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Ch 4: PSAT Writing - Grammar and Usage: Help and Review

About This Chapter

The PSAT Writing - Grammar and Usage chapter of this PSAT Prep Help and Review course is the simplest way to master grammar and usage. This chapter uses simple and fun videos that are about five minutes long, plus lesson quizzes and a chapter exam to ensure students learn the essentials of grammar and usage.

Who's it for?

Anyone who needs help learning or mastering PSAT preparation material will benefit from taking this course. You will be able to grasp the subject matter faster, retain critical knowledge longer and earn higher scores. You're in the right place if you:

  • Have fallen behind in understanding punctuation or grammar and usage
  • Need an efficient way to learn grammar and usage
  • Learn best with engaging auditory and visual tools
  • Struggle with learning disabilities or learning differences, including autism and ADHD
  • Experience difficulty understanding your teachers
  • Missed class time and need to catch up
  • Can't access extra PSAT review resources at school

How it works:

  • Start at the beginning, or identify the topics that you need help with.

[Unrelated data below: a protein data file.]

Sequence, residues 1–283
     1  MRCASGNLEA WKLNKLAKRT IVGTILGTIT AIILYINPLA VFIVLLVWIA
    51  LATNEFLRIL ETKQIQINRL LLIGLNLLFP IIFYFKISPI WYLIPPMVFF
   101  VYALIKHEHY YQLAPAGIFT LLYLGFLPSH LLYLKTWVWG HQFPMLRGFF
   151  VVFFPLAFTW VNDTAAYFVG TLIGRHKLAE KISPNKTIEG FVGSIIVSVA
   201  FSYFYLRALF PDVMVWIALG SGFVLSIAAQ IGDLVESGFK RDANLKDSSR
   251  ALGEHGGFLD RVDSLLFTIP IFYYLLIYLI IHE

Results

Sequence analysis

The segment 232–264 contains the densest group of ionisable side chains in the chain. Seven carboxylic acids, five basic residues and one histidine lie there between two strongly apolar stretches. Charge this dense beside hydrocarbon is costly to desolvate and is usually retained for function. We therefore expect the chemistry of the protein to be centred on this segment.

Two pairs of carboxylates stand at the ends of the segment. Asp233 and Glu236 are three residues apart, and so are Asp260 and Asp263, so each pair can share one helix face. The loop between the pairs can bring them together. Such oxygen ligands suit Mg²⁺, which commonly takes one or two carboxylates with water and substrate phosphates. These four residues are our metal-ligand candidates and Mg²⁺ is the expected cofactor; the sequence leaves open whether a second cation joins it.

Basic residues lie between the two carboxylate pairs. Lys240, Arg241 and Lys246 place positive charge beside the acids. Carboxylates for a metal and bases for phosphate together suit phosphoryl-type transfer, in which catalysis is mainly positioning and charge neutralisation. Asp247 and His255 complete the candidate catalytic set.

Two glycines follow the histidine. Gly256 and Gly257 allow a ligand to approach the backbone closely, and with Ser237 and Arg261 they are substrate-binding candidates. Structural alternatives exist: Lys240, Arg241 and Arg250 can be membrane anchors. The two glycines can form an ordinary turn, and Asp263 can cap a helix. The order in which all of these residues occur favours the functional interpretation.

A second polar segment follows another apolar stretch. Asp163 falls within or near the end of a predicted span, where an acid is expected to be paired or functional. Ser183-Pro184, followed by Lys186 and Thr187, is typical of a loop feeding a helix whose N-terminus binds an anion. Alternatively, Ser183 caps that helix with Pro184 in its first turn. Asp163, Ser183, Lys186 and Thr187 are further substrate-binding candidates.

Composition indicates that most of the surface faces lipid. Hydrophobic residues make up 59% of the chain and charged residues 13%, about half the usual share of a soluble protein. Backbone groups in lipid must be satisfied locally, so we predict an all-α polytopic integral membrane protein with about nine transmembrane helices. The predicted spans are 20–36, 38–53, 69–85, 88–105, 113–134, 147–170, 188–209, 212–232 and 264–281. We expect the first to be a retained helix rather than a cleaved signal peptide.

• Watch and learn from fun videos, reviewing as needed.
  • Refer to the video transcripts to reinforce your learning.
  • Test your understanding of each lesson with short quizzes.
  • Submit questions to one of our instructors for personalized support if you need extra help.
  • Verify you're ready by completing the PSAT Writing - Grammar and Usage chapter exam.

Why it works:

  • Study Efficiently: Skip what you know, review what you don't.
  • Retain What You Learn: Engaging animations and real-life examples make topics easy to grasp.
  • Be Ready on Test Day: Use the PSAT Writing - Grammar and Usage chapter exam to be prepared.
  • Get Extra Support: Ask our subject-matter experts any grammar or usage question. They're here to help!
  • Study With Flexibility: Watch videos on any web-ready device.

Students will review:

In this chapter, you'll learn the answer to questions including:

  • What makes writing good?
  • How do I write clear sentences?
  • How do I write logical sentences and avoid faulty comparisons?
  • Why is subject-verb agreement important?
  • What are independent and dependent clauses?

21 Lessons in Chapter 4: PSAT Writing - Grammar and Usage: Help and Review
How to Write Well: What Makes Writing Good?

1. How to Write Well: What Makes Writing Good?

From great ideas to great execution, learn what makes writing 'good' and how to transform your writing from 'okay' to accomplished through the use of specific examples, great ideas, and organization.

Sentence Clarity: How to Write Clear Sentences

2. Sentence Clarity: How to Write Clear Sentences

Just because you know a good sentence when you read one doesn't mean that you think it's easy to put one together - forget about writing an essay's worth. Learn how to write clear sentences and turn rough ones into gems.

How to Write Logical Sentences and Avoid Faulty Comparisons

3. How to Write Logical Sentences and Avoid Faulty Comparisons